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Health Week in Review -- Jan. 5, 2007

Weight Loss Pills Under Fire, a Parkinson's Patch, and More Top Stories
By
WebMD Health News
Reviewed by Louise Chang, MD

newspaper

Jan. 5, 2007 -- The lowdown on high school binge drinking, why magazine articles about dieting could be bad for teens, and how to prevent homesickness. From weight loss pills to Parkinson's disease, get a snapshot of the biggest stories in health news.

Magazines Linked to Unhealthy Dieting
Teen girls who often read magazine articles about dieting and weight loss appear to be three times as likely to engage in extreme dieting practices, such as vomiting and using laxatives. Read more.

Teen Binge Drinking: Common and Risky
If high school students are drinking, they're probably binge drinking, a new study shows. And this drinking problem often comes with other health risks, such as smoking. What are some additional risks? Read more.

Alcohol May Lower Heart Attack Risk
A drink or two a day isn't bad for men with high blood pressurehigh blood pressure -- and may lower their risk of heart attack, new research shows. Read more.

Parkinson's Patch Nears U.S. Approval
A once-a-day patch is a safe and effective treatment for early Parkinson's disease, a clinical trial shows. How does the patch work? Read more.

14 Ways to Prevent Kids' Homesickness
When kids leave home for camp or school, prepare them for homesickness but don't promise to come get them early, experts say. Get more tips for preventing and coping with homesickness. Read more.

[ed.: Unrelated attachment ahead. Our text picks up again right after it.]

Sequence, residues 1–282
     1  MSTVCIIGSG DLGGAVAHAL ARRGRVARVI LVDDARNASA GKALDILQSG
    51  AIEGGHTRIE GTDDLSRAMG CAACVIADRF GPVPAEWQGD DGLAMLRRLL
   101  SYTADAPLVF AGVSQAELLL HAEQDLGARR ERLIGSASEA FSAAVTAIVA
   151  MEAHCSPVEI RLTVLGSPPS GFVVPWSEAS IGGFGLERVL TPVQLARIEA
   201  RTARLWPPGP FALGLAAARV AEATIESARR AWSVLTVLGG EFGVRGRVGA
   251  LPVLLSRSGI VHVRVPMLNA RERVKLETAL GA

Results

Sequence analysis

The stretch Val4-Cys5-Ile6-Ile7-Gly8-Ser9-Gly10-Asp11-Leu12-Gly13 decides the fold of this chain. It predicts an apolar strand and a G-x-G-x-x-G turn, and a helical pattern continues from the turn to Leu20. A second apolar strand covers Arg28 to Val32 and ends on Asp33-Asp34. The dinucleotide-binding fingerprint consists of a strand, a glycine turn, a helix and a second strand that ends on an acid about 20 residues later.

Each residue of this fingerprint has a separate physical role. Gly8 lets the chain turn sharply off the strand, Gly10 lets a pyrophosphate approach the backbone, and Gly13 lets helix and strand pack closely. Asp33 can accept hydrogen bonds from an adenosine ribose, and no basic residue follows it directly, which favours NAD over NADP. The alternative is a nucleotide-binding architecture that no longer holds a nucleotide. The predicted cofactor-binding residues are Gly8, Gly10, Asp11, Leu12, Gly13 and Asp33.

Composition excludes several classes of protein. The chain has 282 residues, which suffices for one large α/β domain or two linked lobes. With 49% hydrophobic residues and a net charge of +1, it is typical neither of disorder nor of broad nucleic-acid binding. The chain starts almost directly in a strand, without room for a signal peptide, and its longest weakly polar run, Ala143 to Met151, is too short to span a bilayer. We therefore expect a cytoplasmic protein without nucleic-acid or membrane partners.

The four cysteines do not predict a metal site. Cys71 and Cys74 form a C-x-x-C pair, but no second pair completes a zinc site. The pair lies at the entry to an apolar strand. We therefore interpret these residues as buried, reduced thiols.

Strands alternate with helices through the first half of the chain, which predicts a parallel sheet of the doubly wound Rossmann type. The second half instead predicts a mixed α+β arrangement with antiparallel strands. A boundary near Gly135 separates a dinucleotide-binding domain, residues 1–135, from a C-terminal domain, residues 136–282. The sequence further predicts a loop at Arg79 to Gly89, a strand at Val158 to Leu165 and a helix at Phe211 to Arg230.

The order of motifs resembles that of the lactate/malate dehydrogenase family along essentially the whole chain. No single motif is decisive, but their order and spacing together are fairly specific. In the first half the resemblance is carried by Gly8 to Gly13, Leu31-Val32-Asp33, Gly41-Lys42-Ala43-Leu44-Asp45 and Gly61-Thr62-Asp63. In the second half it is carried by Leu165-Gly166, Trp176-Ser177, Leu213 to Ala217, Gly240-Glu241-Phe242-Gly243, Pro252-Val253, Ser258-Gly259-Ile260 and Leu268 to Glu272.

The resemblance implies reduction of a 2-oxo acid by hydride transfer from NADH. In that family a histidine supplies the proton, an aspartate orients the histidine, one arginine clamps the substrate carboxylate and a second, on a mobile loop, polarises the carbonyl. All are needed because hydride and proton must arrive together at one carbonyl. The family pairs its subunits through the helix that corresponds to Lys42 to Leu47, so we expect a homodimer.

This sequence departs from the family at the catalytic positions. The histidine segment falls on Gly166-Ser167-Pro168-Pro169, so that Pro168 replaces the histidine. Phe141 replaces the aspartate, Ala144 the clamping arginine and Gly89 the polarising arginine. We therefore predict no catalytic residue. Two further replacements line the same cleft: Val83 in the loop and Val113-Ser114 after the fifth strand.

Weight Loss Pill Ads Draw Costly Fine
The marketers of four weight-control pills will pay $25 million to settle false advertising claims brought by the Federal Trade Commission (FTC). Which marketers have to pay? Read more.

Call for More Down Syndrome Screening
With new, less-invasive ways to check for Down syndrome, screening for the genetic birth defect should now be offered to all pregnant women, regardless of age, says a leading obstetricians group. Read more.

What's the Greatest Medical Advance?
Fifteen medical advances, ranging from anesthesia to vaccines, are vying for the title of "greatest medical breakthrough." What didn't make the cut and how to cast your vote. Read more.

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